A Musing Pastor
Building Up or Tearing Down?
I've always admired carpenters who remodel bathrooms and do the difficult work of breaking a cast iron tub into pieces small enough to handle in order to remove it. In most settings, the tub was placed during the house construction and was easily installed. Remodeling post construction usually requires a sledge, goggles, and some sturdy gloves to do the smash and awe of destruction.
(Photo from bing.com/stock)
While the demo work seems difficult in this project, it isn't. One doesn't have to observe too many issues with tearing things apart and removing junk. However, the actual remodeling and building new things requires more thought and work. Special tools and expertise go hand in hand with these tasks. Tools that measure, level, plumb, and produce fine cutlines in mitered corners are a few of these specialty items.
Full transparency on my part when I say that I enjoy the demo work much more than the fine detailed rebuilding. That being said, I often use that same mindset when interacting with some people and for that I seek forgiveness from God and from those I tear down. The words I use can cut deeply and leave those I encounter a bit less confident. In this, I know God has much work to do in my heart and I'm allowing that godly work to unfold.
Conversely, though I am a work in progress, there are times when I must say difficult things to folks from a position of spiritual leader that don't always sound or feel uplifting to the one who hears it. I know I have a responsibility to lead with goodness, justice, and love and so the truth spoken in love is a staple for sanctification to grow within those for whom I am responsible. The delicate balance between building a person up in biblical transformation and tearing down in human weakness is a fine line to be recognized and protected with boundaries of humility. Do I keep those edges defined clearly all the time? No, I don't. Perhaps you have those moments of weakness in character as well. It seems to be a problem as old as humanity has been walking the earth.
"We are glad whenever we are weak, but you are strong; and our prayer is that you may be fully restored. This is why I write these things when I am absent, that when I come, I may not have to be harsh in my use of authority—the authority the Lord gave me for building you up, not for tearing you down." (2 Corinthians 13:9-10, NIV)
The apostle Paul was addressing those in the church who were adept at sinning and using their positions of power to refute Paul's authority. Paul, not one to mince words, stood firm in his leadership role and adjured the church to repent of sin and realign with the focal point of the Gospel, that of Jesus.
Today, I was in a store at the checkout and the cashier was clearly agitated with their job, the long shift, and a few coworkers. As I approached, this cashier yelled to another young coworker (a subordinate) to assist the checkout line behind us. The exchange was one-sided and abrupt. They said, "Joey (not his real name) go back and price check such and such. Be useful for once in your life!" This was said loudly and in front of customers and other coworkers. I bit down hard on my tongue then remembered some of my ill-timed utterances similar to this cashier. Joey quickly hustled back through the store. He appeared to genuinely want to do the right thing.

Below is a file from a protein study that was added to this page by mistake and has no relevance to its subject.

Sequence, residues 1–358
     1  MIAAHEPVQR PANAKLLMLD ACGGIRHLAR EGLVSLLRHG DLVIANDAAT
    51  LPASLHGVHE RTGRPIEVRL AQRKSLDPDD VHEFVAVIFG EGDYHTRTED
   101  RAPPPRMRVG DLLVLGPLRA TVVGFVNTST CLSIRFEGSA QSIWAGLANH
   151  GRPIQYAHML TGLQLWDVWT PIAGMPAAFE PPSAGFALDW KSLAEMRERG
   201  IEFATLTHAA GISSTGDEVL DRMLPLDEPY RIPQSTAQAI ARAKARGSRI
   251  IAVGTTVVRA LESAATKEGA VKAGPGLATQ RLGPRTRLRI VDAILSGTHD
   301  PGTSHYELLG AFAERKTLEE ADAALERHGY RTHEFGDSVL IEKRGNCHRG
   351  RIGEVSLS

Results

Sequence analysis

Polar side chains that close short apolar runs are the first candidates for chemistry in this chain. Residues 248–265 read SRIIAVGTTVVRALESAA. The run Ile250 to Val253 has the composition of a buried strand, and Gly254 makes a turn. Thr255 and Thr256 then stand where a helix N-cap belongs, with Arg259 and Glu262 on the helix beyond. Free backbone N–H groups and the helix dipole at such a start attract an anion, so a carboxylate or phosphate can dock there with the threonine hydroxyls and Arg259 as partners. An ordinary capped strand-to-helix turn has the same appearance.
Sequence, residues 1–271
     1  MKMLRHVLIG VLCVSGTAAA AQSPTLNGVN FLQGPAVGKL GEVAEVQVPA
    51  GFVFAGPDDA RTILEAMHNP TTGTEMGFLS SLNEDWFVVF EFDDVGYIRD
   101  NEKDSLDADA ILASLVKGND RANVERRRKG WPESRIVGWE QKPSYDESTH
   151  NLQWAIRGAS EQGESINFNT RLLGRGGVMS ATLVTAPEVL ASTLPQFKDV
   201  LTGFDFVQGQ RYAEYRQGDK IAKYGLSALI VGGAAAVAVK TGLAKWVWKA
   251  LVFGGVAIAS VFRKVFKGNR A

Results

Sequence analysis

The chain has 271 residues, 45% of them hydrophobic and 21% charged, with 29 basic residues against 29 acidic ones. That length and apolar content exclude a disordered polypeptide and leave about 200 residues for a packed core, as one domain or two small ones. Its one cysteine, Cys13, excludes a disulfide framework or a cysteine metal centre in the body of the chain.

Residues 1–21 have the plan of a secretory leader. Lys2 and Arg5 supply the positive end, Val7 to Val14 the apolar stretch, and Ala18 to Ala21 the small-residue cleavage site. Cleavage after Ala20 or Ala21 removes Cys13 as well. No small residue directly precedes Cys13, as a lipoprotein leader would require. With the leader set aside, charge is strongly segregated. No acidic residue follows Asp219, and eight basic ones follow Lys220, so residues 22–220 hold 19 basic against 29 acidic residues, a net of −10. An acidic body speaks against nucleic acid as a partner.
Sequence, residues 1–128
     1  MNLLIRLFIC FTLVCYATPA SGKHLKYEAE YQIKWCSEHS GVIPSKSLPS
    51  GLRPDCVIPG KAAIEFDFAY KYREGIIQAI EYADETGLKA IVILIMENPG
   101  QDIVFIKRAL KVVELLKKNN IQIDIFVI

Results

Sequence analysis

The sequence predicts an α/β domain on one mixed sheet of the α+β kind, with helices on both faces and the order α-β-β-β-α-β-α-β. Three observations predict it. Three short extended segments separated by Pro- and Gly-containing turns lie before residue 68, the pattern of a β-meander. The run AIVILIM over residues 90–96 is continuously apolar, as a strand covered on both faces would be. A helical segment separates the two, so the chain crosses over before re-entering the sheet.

The cashier uttered to me their frustration with the shift that was not over yet and the seemingly daft nature of Joey. I nodded my head shrugged my shoulders and tried to be cordial as they handed me the receipt and we parted company. As I walked to the truck, I was replaying this event in my mind and envisioning the easy work of diminishing a coworker into broken pieces. I was also imagining the difficult work of rebuilding and remodeling Joey to bring forth a new beautiful product of an effective employee.
It's easy to dismantle another person with words and authority and in the end one person is still frustrated and the other is a little more broken. As I drove home, I fabricated several responses the cashier might have employed to instruct Joey while not belittling him in front of many. Building up takes forethought, effort, and the proper tools of faith which include grace, mercy, forgiveness, and humility (All good things). Though not an audible voice, the Holy Spirit was reforming my own thoughts and motives as I drove home in silence.
The byproduct of rebuilding is something to admire and to take pride in knowing we had a hand in the finished product. Perhaps Joey has long forgotten the berating from today or maybe Joey is less confident in his ability to do anything right at this point. Regardless of where he is in his thought processes, his mind is muddled in doubt.
(Finished bathroom courtesy of bing.com/stock)
The finished product of remodeling a bathroom offers a shiny breath-taking image. In a parallel universe, I can imagine someone befriending Joey and investing time into building him up, training him in his job, and in general allowing Joey to make mistakes in the learning process. It will be time, energy, and grace well spent.
In a world consumed with pain, suffering, and destruction, we (I) can be builders of people and not creators of broken fragments of a once intact person created magnificently in God's image.
Now, I will pray for my own future grace-filled interactions with folks and for the cashier who needs the same.
"A Musing Pastor"